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Laws please Bray

Tue, 05 Mar 2013 12:18
Sharks-scrum630

It is allowing the ball to be in play longer.

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The 2013 Super Rugby season is now well underway, and SANZAR Game Manager Lyndon Bray has been happy with how the new trial with the Television Match Official has begun and how the scrums are faring.

Both of these are undergoing trial adaptations in Super Rugby.

The scrum has had a change from a four-call setting of the scrum to three calls and an instruction to the referees to ensure stability before setting.

Bray is happy with the scrum improvement. There is nearly an 80 percent success rate with first hit scrum completion, up from the 65 percent benchmark set throughout the 2012 season.

As a consequence it is allowing the ball to be in play longer, another key benchmark, while decreasing the overall number of penalties in the game. This was allow the game to be a better spectacle and hence product.

Bray said: "(We have a) better flow, better scrums. (That results in) fewer penalties as an outcome, and so you're getting a smaller total of penalties per game. Those are really encouraging signs.

"We're almost up to 80 percent of our scrums getting the ball in, ball out which is phenomenal.

"How much that's got to do with getting rid of the four-step call is debatable but it's definitely had a positive impact. We've got a lot more stability on the hit. That takes two things. It takes the referee controlling the call and it takes the players being a lot more positive. That's an incredible statistic across the competition at this early stage."

The powers of the TMO have been extended in Super Rugby this year to allow the TMO to be consulted on "clear and obvious" infringements within two phases (ruck or maul) in the lead-up to a try. The TMO may also be asked about possible foul play in the field of play, not just in in-goal.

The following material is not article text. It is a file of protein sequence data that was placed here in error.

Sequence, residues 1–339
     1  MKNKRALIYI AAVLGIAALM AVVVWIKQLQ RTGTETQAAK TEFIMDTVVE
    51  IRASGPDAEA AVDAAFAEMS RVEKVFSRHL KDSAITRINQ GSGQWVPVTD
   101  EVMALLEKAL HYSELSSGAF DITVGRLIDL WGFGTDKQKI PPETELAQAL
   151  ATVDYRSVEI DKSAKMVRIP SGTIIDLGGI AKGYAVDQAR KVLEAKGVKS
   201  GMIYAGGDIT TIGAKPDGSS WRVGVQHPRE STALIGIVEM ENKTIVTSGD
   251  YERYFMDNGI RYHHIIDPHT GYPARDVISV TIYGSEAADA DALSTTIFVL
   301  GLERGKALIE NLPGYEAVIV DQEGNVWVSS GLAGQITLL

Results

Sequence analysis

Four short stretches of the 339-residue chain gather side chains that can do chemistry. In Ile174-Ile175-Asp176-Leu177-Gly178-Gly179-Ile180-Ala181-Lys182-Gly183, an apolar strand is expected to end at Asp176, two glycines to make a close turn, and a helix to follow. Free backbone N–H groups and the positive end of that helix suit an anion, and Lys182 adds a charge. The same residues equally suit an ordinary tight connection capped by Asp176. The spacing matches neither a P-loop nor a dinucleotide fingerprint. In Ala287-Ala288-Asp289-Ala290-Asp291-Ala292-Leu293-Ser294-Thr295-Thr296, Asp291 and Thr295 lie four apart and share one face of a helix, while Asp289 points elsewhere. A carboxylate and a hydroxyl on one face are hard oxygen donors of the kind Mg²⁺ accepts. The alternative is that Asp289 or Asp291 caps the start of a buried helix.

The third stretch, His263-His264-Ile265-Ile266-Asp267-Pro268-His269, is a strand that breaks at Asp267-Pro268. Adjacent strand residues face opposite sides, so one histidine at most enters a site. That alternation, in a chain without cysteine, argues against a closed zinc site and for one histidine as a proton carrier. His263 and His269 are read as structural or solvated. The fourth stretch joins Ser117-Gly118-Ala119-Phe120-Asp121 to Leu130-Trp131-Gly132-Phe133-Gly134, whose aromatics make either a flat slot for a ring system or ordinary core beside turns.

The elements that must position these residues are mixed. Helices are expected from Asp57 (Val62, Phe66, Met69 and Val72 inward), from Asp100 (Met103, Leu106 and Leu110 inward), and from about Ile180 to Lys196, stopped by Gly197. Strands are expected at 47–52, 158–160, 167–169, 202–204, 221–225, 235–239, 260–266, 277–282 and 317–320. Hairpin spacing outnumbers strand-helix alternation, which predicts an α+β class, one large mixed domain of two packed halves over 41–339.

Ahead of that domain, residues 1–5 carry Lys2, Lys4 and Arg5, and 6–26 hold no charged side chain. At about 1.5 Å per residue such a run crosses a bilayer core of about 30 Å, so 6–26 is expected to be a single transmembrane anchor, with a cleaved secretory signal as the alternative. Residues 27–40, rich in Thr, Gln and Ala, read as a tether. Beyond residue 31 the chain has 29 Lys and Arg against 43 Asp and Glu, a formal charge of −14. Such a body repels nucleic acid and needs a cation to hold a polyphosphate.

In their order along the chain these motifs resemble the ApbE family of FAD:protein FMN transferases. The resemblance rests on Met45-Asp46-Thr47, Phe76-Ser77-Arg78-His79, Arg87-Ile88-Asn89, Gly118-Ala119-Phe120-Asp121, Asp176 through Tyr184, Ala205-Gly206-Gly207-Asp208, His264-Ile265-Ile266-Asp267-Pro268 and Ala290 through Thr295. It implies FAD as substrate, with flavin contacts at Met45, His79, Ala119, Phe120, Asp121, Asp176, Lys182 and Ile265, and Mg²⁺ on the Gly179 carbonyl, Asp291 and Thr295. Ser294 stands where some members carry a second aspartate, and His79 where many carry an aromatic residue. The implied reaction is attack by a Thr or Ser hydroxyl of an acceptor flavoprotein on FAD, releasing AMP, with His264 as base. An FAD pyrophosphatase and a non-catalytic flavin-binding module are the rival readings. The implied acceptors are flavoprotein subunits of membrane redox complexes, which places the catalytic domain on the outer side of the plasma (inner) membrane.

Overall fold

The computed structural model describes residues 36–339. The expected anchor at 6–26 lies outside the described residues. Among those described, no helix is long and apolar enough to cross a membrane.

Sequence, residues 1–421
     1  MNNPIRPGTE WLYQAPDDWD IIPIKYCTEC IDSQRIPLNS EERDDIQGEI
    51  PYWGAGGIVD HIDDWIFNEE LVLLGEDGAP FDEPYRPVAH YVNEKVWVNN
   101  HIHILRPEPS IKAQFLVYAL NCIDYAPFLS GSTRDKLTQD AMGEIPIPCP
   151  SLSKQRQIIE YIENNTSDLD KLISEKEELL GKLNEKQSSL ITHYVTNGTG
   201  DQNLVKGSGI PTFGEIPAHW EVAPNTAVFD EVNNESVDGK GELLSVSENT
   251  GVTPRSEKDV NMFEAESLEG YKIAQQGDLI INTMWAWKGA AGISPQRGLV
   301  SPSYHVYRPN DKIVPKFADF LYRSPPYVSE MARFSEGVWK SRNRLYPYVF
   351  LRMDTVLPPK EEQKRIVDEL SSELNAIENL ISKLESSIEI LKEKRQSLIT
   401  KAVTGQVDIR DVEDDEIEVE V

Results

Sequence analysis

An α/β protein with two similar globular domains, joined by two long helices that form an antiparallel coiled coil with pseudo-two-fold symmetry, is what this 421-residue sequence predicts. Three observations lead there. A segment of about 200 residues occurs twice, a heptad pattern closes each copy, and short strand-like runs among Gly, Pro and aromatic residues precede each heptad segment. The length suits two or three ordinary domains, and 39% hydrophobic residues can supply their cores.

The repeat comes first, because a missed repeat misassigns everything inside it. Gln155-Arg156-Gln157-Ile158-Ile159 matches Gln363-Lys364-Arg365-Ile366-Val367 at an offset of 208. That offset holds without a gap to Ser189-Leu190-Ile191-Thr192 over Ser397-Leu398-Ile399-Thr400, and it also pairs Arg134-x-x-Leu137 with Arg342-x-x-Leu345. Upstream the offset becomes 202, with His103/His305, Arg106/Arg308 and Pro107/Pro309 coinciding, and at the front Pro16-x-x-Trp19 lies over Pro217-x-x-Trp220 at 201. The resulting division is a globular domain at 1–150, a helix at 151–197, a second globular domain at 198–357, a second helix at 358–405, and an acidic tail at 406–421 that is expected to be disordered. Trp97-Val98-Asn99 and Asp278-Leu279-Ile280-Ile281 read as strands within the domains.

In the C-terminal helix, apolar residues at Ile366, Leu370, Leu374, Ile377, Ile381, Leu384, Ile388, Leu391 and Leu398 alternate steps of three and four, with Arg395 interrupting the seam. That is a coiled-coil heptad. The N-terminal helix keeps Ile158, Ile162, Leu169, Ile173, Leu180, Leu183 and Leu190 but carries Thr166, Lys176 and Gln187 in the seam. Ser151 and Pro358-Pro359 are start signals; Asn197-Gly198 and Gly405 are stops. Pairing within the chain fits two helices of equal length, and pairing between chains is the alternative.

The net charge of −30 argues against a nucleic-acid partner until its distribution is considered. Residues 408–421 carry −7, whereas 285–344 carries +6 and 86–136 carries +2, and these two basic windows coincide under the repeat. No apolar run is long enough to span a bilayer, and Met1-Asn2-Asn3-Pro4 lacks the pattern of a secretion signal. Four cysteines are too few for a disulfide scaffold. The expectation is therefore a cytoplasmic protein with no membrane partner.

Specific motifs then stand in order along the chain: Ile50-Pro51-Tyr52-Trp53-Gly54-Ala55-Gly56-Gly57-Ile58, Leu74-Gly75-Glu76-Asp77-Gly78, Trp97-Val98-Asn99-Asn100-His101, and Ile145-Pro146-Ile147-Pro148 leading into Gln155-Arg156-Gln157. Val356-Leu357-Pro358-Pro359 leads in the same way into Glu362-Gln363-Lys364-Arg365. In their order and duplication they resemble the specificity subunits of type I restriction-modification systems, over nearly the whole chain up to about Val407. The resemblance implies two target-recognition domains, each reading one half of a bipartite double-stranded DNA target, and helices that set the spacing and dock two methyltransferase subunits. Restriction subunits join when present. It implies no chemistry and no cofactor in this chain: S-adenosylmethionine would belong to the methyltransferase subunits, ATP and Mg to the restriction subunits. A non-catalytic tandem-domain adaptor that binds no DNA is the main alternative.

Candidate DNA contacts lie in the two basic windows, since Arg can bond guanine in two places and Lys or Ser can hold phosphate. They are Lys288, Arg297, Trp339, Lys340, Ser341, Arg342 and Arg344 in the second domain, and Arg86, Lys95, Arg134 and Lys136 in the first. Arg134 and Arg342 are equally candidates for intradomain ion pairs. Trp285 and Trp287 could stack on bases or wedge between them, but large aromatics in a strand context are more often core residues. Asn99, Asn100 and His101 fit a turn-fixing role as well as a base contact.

Bray is happy with the number of referrals to the TMO - not too many of them, not taking too much time but getting meaningful results while the referee is still the man in charge, increases referee confidence and presenting an opportunity to make the laws better kwon. The extended use of the TMO has support from the coaches.

Bray was also happy about the referee application of the Big Three - tackle, scrum and space.

At the tackle, the tackler is required to roll away from, not towards, the receiver (halfback), the tackler assist must clearly release the tackled player and taking out defenders in front of the ball should be closely monitored. Sealing off is to be penalised when the opportunity exists for a defender to be in the position to contest for the ball.

The scrum is to be stable before Set is called, the tighthead is to hit straight and the loosehead up and bound. To wheel legally the team doing the wheel must first get forward momentum.

The two aspects of space are controlling players in front of a kicker and managing rucks.

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